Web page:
Called Interiors: Inside the American Home and edited by Marc Kristal (I think), these were not your average American home. No sirree bob. It was more along the level of perhaps the Kardashians, but it was still enjoyable to look at how the designs were for the rooms, and learn more about my own style. I can still pull the pieces of design that I really like and integrate it into my own home, yes?  

In the mood for short stories, preferably speculative fiction and by a POC, I went looking for some more Nalo Hopkinson and came from with the library edition of Mojo: Conjure Stories, an anthology edited by Hopkinson. This is a collection of short stories written by a variety of authors across the globe, but all POC and written through the lens of Caribbean and AfAm magic. (Magic is a little bit of a stretch for me to read, but the majority of these stories were fine… Only a few didn’t make the cut, in my opinion, but that’s to be expected with an anthology.)

Overall, this was a fun read so I’m open to reading more along those lines in the future.

And now I’m choosing my next read. Which one, which one… ? (Plus – finishing the flower beds!)

Oh, and plus this: I’m off to Canada in a couple of weeks for a conference, so been reading about Vancouver (where I’ll be)… Cool beans.

The New Moon’s Arms – Nalo Hopkinson (2007)

Image result for the new moon's arms

Having frequently heard of Nalo Hopkinson as a sci fi/speculative fiction author, and since I was in the mood for that sort of read, I checked out this title from the library. (I’d also been looking for a good fiction read by a POC author as well, so this ticked that box very nicely as well.)

So, not quite sure what to expect since Hopkinson was a completely new author to me, the first chapter got off to rather a rough start. OMG. It was so confusing – people change names for no apparent reason, there’s magical realism (which I wasn’t expecting), and there are animals who might (or might not) be mermaids/merpeople in disguise.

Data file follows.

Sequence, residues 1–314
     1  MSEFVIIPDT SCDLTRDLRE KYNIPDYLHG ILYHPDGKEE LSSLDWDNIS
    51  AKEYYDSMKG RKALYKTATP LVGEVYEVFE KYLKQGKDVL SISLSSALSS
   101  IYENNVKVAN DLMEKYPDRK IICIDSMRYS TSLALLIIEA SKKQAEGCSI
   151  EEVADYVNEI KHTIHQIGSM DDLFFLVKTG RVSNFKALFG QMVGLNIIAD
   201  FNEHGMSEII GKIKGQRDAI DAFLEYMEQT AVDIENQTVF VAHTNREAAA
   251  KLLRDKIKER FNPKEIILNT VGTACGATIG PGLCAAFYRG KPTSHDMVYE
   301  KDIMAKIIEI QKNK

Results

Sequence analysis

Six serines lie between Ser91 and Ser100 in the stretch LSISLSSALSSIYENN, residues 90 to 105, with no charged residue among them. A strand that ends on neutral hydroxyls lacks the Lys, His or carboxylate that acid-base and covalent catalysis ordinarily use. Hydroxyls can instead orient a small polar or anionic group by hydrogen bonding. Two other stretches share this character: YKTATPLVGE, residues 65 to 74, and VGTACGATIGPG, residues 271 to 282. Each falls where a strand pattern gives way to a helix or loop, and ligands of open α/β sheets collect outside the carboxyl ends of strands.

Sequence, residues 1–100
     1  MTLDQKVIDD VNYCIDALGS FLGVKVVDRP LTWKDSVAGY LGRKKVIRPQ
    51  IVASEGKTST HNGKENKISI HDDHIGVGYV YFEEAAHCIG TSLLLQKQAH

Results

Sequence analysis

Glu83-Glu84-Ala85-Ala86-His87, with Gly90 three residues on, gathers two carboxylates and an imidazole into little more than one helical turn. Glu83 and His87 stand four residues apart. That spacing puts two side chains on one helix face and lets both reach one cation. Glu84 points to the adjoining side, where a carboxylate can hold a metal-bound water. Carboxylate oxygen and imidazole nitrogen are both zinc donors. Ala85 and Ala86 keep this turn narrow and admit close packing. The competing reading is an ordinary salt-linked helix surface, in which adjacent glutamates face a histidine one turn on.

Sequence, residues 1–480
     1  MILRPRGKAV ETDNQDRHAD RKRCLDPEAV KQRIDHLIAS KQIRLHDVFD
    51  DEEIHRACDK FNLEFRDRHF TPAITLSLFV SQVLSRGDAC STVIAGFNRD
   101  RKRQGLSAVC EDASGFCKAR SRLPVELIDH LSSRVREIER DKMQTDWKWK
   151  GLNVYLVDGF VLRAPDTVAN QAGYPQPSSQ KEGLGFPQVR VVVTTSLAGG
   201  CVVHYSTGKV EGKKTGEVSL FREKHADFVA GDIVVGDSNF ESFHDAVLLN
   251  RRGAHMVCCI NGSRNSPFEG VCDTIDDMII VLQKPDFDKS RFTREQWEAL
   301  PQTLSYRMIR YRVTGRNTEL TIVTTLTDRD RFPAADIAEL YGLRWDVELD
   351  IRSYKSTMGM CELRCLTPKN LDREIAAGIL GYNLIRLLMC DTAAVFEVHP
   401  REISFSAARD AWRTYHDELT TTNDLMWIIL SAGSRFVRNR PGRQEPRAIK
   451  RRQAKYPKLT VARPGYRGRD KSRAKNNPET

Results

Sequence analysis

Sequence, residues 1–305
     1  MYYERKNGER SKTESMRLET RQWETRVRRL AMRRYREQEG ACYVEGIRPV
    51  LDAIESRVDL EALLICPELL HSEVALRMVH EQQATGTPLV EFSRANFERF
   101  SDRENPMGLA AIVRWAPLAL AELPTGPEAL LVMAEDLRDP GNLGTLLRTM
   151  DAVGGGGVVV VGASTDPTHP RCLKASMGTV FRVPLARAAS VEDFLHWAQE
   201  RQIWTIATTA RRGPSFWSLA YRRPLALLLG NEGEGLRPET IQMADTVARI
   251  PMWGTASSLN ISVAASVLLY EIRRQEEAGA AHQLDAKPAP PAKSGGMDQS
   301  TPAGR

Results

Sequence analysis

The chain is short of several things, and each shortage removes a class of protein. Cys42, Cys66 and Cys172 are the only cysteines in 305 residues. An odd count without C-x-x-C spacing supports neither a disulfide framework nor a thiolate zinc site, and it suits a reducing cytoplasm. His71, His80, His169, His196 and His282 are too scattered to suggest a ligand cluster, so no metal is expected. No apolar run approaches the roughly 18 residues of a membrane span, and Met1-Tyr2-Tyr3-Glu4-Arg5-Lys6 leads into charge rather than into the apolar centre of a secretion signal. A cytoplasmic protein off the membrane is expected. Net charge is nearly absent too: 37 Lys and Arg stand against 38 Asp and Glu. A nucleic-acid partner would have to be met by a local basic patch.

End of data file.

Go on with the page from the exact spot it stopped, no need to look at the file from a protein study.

So, taking a deep breath and really liking how Hopkinson writes, I soldiered on and interestingly it all got sorted out by the end of the second chapter. So – heed this warning. That first chapter is worth sticking with as the plot sorts itself out in the end. (And I must admit – the fault may have been mine, but just in case…) 

To the book itself: The narrative arc follows a redemption story, really, with a pretty unlikable and prickly character (she who changes names in the first chapter) and what happens when she takes in a child she finds on the beach of her Caribbean (or similar) island. 

Image result for nalo hopkinson
Nalo Hopkinson. (Picture credit.)

Calamity (also called Chastity at certain parts) is dealing with two big situations at the moment. One is the death of her father (from whom she’s been estranged since her teenaged years) and the other is that whenever she has a hot flash due to menopause, her finger tips tingle and her long-lost childhood ability of finding lost things comes alive. The things found range from a blue and white plate from her childhood to an entire grove of cashew trees that materializes one day outside her house to the mysterious beach child with sea shells in his/her hair… 

At the same time as all this is going on, Chastity/Calamity’s also becoming more involved with the issue of the group of particular rare seals who live on one corner of her island home. She makes friends with a seal researcher and so throughout this narrative, there’s this collision (of sorts) between the roles and importance of science and myth, of magical realism and reality, of things unexplained by rational logic. 

Interestingly, there are collisions of other sorts as well: the protagonist has ongoing tussles with her relatives over various points; the arrival of the beach child causes concern for all when Calamity/Chastity decides to look after him/her; there’s discord between the protagonist and her father; there is the struggle at that point where the sea overlaps with the land, with science and magic… This turned out to be such a thoughtful read for me, so it was much than “just” magical realism/spec fiction. 

I’m not typically that huge a fan of magical realism, but this is mostly a straightforward drama with sprinkles of magic through in along the way, so I found it more palatable than I thought it was going to be. (I had it categorized as a broccoli book, but it was actually much better than that perception.)

In the end, I thoroughly enjoyed this read and thought that this was really a well-written book. One of the Goodread reviewers described the writing as almost liquid in a way, and that’s exactly how I viewed it. It’s a smooth read, like a stream running through rocks and roots – there are obstacles to face, but how they are handled by the characters runs really fluidly. 

This turned out to be really good read and I ended up completing it in two days (which is fast for me). I’m also convinced enough to look around and see what other library titles by Hopkinson are available. She’s that good. 

If you’re not familiar with Hopkinson, I recommend taking her work for a spin. It’s a deceptively easy read that will leave you with lots to think about. 

The Thorn Birds – Colleen McCullough (1977)